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THE

ANNUAL REGISTER,

For the Year 1816.

GENERAL HISTORY.

CHAPTER 1.

Parliamentary proceedings.--Speech of the Prince Regent.Debate on

the address in the House of Commons.Motion for naval monument.Mr. Brougham's motion relative to the Christian treaty, and the treaty of Vienna, Jan. 1815.-- Financial exposition of the Chancellor of the Exchequer, and debates.--Mr. Greenfell's motion concerning transactions between the public and the Bank of England. --Lord Grenville's motion on the peace establishment of the army.--Debates on the same in the House of Commons.— Navy estimates, and debates.

N Feb. 1 the speech of the maintaining that alliance between

Prince Regent on opening the confederate powers from the session of parliament was de- which so many advantagos had livered by conimission. It began been derived. It was then menwith adverting to the re-establish tioned that copies of the treaties ment of his Most Christian Ma- and conventions concluded, had jesty's authority in the capital of been ordered to be laid before his dominions, in consequence of both houses--that the extraordithe successes of the allied arms, nary situation in which the powers and the subsequent arrangements of Europe had been placed by the to provide for the lasting repose circumstances of the French revoand security of Europe ; express- lution, had induced the allies to ing his Royal Highness's convic- adopt precautionary measures, in tion that Parliament will be sen- which his Royal Highness had sible of the great importance of concurred, and that he relied on Vol. LVIII.

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their co-operation for carrying assure his Royal Highness that them into effect. The House of the House would speedily underCommons was next congratulated take a revisal of our civil and on the flourishing condition of the military establishments, and also manufactures, commerce, and re- would at an early period take into venue of the kingdom, and assur- serious consideration the present ed that they might rely upon every state of the country. disposition on the part of his The amendment having been Royal Highness to concur in such seconded by Lord John Russel, the measures of economy as would be Chancellor of the Exchequer in refound consistent with the security ply began with refuting the charge of the country, and the station of delay respecting the treaties, by which it occupies in Europe. No- the assertion that the treaty of tice was then taken of the com- peace was only signed on Novemmercial treaty with America ; of ber 20th, and that the exchange the termination of hostilities in of the ratifications did not take Ceylon, and the subsequent ar- place till the 20th of January, so rangement with respect to that that only ten days had elapsed beisland; and of the armistice pre- fore the communication was made paratory to a negociation for peace to parliament, from which period in India : and the speech con- was to be deducted the time of cluded with expressing the Prince its transmission from Paris, and Regent's determination, by the of printing the papers. With réjustice and moderation of his con- spect to the other topics of the duct, to endeavour to maintain amendment, he maintained that the high character which this the speech contained every pledge country has acquired with the which the House could reasonably world, and his hope that the same desire. After a few financial obunion among ourselves, which servations, he then took occasion has brought this eventful strug- to avow the intention of ministers gle to so happy an issue, will con- to continue the income tax at the tinue to promote the public pros- rate of five per cent. perity.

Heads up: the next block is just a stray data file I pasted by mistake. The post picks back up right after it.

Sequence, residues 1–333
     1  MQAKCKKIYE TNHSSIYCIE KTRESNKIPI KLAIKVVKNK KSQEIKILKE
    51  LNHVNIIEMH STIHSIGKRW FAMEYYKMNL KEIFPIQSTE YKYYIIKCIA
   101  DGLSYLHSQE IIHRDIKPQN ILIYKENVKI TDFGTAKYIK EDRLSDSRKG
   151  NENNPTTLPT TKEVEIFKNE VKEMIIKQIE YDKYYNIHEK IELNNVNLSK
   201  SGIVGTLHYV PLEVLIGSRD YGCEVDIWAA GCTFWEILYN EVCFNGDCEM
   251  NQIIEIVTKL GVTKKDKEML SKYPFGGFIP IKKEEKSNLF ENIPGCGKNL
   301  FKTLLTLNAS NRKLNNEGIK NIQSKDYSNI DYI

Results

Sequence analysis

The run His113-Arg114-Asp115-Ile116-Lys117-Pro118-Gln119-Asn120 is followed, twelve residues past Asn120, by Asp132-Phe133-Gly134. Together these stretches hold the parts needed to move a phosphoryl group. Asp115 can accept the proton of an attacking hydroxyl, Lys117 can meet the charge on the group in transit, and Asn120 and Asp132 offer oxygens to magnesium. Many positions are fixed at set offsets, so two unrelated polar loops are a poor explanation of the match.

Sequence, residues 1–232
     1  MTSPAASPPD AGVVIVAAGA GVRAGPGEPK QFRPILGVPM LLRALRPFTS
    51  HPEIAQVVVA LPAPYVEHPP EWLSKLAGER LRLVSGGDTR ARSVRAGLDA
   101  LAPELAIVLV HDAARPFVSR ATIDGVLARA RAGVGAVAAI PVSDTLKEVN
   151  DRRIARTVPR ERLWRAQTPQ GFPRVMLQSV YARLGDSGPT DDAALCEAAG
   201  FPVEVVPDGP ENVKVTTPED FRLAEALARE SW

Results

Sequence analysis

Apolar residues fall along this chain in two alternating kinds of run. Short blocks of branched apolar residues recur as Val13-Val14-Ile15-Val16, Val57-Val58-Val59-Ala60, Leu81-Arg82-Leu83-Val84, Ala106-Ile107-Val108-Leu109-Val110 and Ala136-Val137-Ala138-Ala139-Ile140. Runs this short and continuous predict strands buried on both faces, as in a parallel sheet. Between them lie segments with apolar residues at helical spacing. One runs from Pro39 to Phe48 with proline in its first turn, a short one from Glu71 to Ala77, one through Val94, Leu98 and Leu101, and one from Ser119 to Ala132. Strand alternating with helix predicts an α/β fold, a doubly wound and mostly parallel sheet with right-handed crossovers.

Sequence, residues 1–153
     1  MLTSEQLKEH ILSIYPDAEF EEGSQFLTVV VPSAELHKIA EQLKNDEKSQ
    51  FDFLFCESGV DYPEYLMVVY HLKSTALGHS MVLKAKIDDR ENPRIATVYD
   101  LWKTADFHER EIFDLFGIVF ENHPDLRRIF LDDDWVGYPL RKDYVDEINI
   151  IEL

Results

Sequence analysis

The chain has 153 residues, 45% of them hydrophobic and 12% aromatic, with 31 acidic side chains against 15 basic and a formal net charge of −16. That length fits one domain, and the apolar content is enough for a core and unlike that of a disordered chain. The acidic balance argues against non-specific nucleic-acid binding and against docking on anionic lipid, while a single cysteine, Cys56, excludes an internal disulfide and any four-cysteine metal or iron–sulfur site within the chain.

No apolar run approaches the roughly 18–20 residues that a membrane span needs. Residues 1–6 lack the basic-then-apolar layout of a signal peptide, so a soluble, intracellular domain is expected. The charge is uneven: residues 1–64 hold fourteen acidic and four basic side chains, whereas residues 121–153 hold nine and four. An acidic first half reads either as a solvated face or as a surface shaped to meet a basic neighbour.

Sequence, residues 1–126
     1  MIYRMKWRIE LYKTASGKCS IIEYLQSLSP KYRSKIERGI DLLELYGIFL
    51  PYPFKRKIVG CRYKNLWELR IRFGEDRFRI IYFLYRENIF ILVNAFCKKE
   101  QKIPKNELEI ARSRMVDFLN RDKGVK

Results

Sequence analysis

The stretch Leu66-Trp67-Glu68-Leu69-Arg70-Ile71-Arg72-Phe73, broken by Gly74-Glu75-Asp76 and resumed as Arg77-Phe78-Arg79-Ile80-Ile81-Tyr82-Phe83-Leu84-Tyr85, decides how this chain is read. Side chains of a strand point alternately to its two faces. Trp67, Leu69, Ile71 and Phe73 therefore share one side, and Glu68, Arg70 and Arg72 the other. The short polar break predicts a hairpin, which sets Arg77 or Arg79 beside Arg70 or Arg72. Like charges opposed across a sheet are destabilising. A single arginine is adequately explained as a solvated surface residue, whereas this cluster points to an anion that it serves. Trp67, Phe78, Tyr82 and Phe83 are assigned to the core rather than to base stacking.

In the debate on this occasion The usual address on the speech several members on each side was agreed to without opposition took a part; but as it was no in the House of Lords. In the more than a kind of preludial House of Commons, after the ad- contest, in which a variety of todress had been moved and se- pics were touched upon in the way conded, Mr. Brand rose to move of conversation, there is no nean amendment, the substance of cessity for entering into partiwhich was to censure the minis- culars. When the division on the ters for not having, without un- amendment took place, the House necessary delay, convened parlia- was so much thinned, that the ment for the purpose of commu- members were no more than For cating those important treaties the Amendment 23, Against it 90: which were now to be laid before Majority 67. Neither the mover them, after having been acted nor seconder appeared in the upon for several months; and to division.

When

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